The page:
- Sweden’s bronze medal heroics prompt FIFA Ranking surge
- France 2019 podium finishers up to sixth
- Success built on foundation of experience and cool heads
Footballing summers to remember are becoming a bit of a trend in Sweden. Having seen their men’s national team reach the 2018 FIFA World Cup Russia™ quarter-finals, their women went even better clinching bronze at the FIFA Women’s World Cup France 2019™.
While not only a performance that drew plaudits for their resilience throughout the tournament, it kept up their impressive average of a medal at every other World Cup. It’s a result that saw them climb back to their joint-highest point in the FIFA/Coca-Cola Women’s Ranking since tumbling out in the Round of 16 at Canada 2015, now sat in sixth.
It was a result that exceeded many expectations after mixed feelings at the outset. Arriving as Olympic silver-medallists was counter-balanced by a quarter-final exit at the 2017 UEFA Women’s Championship and their status as the ninth-ranked side in France.
An experienced focus ultimately counted for a great deal in seeing them onto the podium. While impressing technically, with the likes of Sofia Jakobsson and Kosovare Asllani providing moments of incision and inventiveness across the front line, their solid core of level-headed worldliness steered them through some of the tougher storms.
All four of their knockout encounters were separated by a single goal, while only missing out on the final in extra time, and it’s no surprise that an experienced core of Hedvig Lindahl, Linda Sembrant, Caroline Seger and Nilla Fischer was at the heart of their solidity. With a haul of 564 caps between them, the Swedish ship rarely rocked hard amid the World Cup waves.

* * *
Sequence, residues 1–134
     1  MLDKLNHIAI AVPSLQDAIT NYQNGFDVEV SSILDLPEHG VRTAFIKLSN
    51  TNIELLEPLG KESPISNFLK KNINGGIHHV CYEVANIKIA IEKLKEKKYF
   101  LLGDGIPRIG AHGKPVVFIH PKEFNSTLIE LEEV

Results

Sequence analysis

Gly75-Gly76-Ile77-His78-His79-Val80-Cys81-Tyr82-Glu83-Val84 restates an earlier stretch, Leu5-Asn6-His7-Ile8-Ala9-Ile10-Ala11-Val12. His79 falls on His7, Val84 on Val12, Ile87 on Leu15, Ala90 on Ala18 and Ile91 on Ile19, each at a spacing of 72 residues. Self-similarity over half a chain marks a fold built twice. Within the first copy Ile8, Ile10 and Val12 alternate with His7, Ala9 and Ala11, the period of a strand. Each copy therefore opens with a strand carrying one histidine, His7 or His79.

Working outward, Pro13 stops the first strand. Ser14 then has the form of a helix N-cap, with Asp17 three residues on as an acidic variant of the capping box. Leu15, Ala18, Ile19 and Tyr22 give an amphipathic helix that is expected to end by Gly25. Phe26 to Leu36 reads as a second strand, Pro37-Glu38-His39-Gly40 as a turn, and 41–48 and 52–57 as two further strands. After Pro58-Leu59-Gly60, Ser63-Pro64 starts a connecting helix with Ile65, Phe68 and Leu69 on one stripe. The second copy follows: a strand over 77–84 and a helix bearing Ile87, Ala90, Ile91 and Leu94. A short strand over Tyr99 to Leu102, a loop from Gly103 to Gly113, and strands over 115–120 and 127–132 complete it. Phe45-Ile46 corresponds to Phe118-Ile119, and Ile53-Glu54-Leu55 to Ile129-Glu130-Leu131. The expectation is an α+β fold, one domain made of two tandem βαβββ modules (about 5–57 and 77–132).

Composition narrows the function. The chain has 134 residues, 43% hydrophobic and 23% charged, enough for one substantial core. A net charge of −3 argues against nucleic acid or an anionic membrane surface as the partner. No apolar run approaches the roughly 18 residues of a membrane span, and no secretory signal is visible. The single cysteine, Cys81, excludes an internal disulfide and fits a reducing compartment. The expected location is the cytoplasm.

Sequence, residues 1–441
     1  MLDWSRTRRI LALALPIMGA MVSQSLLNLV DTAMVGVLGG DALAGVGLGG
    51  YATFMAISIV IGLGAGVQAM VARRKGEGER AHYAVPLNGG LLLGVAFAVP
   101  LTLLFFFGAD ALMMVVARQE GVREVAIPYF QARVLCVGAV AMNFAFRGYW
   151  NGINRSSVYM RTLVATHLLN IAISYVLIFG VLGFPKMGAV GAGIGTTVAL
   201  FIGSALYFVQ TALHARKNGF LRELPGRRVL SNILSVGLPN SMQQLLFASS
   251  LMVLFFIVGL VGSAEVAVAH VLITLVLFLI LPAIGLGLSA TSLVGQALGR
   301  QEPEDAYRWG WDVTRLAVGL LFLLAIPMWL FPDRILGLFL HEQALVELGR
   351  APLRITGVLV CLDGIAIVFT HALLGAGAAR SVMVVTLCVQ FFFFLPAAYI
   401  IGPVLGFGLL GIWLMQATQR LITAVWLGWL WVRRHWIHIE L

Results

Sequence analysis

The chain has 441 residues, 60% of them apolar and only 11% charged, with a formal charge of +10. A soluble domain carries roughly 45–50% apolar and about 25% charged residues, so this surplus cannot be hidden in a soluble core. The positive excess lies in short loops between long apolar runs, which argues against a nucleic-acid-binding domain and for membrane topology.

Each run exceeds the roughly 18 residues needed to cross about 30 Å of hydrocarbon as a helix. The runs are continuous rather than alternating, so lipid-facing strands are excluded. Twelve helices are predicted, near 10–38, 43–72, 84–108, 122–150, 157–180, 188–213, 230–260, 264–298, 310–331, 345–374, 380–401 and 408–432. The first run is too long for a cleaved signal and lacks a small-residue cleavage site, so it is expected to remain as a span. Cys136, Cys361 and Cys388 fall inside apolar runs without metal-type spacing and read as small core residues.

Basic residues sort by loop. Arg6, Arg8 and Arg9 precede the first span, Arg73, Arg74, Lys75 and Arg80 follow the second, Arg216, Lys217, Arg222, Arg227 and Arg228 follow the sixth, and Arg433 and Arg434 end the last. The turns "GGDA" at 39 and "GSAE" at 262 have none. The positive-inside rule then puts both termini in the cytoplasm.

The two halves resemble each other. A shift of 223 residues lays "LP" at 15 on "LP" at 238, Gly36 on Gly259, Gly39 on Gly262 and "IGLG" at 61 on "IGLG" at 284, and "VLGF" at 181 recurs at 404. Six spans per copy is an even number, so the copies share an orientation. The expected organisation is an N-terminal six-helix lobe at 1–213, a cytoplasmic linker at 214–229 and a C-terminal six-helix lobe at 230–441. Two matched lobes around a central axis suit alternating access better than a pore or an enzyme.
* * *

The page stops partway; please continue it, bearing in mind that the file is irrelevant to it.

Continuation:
The desire for calm was echoed from the sidelines, as coach Peter Gerhardsson – who would go on to make the shortlist for The Best FIFA Women’s Coach – explained to FIFA.com. “For me, a coach’s job is to be clear and calm and make their players understand the things that will make the team play better.
“Getting angry with players might have been common in the past, especially in men’s sport, but that old way – the Alex Ferguson ‘hairdryer’ – is old-fashioned now, I think. If you’re so frustrated as a coach that you can’t communicate calmly to your players at half-time, I would say it’s better to stay out of the dressing room completely.”
It’s an approach that they needed to dust off on Tuesday, when they got back into the saddle to kick off their next journey – qualifying for the 2021 UEFA Women’s Championship. A goal down in Latvia, they had to slog to turn things around and get rolling towards a 4-1 win. Asllani’s relentless dead balls, alongside a Seger spot-kick, getting the job done.
But before the potential fruits of that expedition can be enjoyed, a trip to Tokyo needs to be enjoyed as they look to go one better this time around at the Women’s Olympic Football Tournament. Despite the likes of Lindahl (36), Fischer (35) and Seger (34), all being in the autumn of their careers, the drive for at least one final stand remains.
“The wish and the dream are there,” Seger admitted to Aftonbladet. “This is all I know. As long as I have the motivation, I feel that everything else will solve itself.”
And with all eyes focused on moving onwards and upwards, it wouldn’t surprise Gerhardsson to see Seger still at the heart of his team in 11 months with her current levels of enthusiasm for the cause. “She is more like a 20-year-old than how old she is now!”